Minneapolis Mayor-elect Jacob Frey ducked out of a City Council meeting earlier this month and left City Hall with his new entourage — a recently hired aide and a cop trying out for the job as Frey’s permanent security detail.

The trio hopped into a city-owned blue Ford Escape and, with the officer behind the wheel, eased across the river to a groundbreaking in Northeast. After Betsy Hodges leaves office next week, the giant black mayoral Chevy Tahoe will be his to use, though he’s not sure he wants it.

Three days before he takes office as the city’s 48th mayor, the 36-year-old Frey is already realizing he may have to give up some habits.

“I run or bike to 80 percent of my meetings, especially in the warmer months, so what’s that going to look like?” he said. “I literally run a lot, and it looks kind of weird and I’m in a suit, but if I’m just going from here to there I like to be as efficient as possible.”

The weight of the office is already settling on Frey.

Frey and the rest of the City Council voted to raise pay for themselves and the mayor with no public discussion in December, a process he regretted immediately. Police Chief Medaria Arradondo briefed Frey by telephone when officers shot a man inside City Hall last week. Minneapolis faces a housing affordability crisis that Frey has promised to address, and he will be the face of the city as a worldwide audience turns its attention to the Super Bowl. Behind the scenes, he must help mend a broken relationship between the mayor’s office and the City Council.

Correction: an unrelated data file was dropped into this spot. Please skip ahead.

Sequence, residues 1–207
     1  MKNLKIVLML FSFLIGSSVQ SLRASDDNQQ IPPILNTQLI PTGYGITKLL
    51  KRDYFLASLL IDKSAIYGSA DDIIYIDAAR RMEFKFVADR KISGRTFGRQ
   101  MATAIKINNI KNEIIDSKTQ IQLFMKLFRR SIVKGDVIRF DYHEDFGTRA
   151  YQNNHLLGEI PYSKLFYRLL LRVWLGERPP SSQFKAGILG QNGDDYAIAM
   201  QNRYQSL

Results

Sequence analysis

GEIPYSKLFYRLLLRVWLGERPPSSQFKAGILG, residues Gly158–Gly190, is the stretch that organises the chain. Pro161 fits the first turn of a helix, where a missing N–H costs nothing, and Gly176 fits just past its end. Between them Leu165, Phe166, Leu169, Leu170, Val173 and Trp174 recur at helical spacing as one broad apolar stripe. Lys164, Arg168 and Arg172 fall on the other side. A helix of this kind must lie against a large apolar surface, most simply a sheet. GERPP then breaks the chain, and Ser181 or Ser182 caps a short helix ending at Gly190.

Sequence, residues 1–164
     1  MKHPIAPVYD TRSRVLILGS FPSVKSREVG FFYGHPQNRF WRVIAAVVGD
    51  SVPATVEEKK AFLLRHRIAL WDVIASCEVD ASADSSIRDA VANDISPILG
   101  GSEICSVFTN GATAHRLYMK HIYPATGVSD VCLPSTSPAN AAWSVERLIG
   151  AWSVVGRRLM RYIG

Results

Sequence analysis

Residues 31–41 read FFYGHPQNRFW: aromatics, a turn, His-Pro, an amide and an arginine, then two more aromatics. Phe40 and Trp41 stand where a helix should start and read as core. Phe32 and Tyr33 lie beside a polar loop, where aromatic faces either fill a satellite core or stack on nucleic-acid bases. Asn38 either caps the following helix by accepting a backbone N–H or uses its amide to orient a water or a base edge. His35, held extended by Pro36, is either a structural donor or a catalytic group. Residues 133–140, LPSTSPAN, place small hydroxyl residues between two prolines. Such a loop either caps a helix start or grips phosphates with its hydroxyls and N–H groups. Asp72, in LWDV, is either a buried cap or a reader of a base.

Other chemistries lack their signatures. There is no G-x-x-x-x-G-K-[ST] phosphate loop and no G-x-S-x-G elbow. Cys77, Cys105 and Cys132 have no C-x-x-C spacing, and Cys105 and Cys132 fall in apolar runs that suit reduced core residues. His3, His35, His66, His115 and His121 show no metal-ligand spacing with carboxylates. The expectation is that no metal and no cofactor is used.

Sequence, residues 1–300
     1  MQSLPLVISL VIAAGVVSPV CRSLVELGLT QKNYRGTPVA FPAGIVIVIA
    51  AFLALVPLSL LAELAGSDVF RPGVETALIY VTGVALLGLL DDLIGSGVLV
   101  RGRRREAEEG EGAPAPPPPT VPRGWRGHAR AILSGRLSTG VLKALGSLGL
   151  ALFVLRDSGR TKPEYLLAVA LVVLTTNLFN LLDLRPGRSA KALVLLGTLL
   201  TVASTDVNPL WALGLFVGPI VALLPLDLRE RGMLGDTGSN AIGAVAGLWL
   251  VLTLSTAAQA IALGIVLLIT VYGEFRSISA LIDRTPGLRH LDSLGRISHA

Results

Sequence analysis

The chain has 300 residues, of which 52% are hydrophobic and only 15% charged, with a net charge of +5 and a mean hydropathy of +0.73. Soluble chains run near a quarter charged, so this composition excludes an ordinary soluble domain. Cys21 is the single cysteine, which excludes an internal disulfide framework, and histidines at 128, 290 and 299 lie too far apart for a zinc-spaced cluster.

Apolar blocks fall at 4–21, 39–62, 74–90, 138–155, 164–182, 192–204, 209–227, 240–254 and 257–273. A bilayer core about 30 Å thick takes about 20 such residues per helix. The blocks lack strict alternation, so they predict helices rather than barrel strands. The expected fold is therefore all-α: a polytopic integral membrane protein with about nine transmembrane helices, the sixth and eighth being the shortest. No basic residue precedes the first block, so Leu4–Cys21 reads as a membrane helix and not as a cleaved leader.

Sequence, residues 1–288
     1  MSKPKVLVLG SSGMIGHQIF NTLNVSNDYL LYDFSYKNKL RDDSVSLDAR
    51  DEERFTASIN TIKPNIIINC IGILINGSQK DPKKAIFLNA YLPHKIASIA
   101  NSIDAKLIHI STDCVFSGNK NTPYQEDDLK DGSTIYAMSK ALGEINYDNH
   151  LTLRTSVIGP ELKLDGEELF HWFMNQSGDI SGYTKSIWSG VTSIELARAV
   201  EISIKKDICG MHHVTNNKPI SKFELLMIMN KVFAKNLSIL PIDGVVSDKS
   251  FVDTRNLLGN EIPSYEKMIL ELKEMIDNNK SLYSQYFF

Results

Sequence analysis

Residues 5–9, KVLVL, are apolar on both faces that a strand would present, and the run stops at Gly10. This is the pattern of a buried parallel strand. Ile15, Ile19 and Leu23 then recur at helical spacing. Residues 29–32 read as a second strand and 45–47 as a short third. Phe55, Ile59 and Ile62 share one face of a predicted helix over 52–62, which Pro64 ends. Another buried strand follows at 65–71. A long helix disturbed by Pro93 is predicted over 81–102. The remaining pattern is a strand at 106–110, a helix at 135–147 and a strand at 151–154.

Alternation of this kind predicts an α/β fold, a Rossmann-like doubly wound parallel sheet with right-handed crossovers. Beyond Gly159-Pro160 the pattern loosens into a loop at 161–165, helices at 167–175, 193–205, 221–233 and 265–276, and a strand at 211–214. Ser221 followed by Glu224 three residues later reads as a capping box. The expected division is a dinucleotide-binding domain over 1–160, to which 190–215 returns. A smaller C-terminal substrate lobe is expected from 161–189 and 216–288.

His transition team led by former Mayor R.T. Rybak is focused on building a mayor’s office that can make good decisions quickly. To do that, Frey is learning to submit to his gatekeepers, those who run his schedule and control who he talks to, when and for how long.

“I’m a very accessible person, perhaps overly so,” he said. “One of the most important things with any administration is who gets on the calendar. If I’m meeting all with one group and not with another group, I’m probably going to develop an opinion that’s in line with this one group.”

He’s mostly unplugged from social media since the election, which he says has made him more productive — and happier. He’ll have to figure out how much to travel; the mayor is constantly being invited to conferences out of town.

“I’ve barely left the city in the last year,” he said.

Frey is reading “The Gatekeepers,” a 2017 book about White House chiefs of staff and how the structures they put in place have shaped American history. His staff is making flow charts, interviewing job candidates and worrying about how to guard the mayor-elect’s time. Chief of staff Joe Radinovich, who’s been dressed for months in jeans and sweaters, got measured for new clothes.

The transition team, which Frey said is “putting together the boilerplate through which I can make good and informed and engaged decisions quickly,” is co-chaired by Rybak, Northside Achievement Zone leader Sondra Samuels and Chelsie Glaubitz Gabiou, president of the Minneapolis Regional Labor Federation.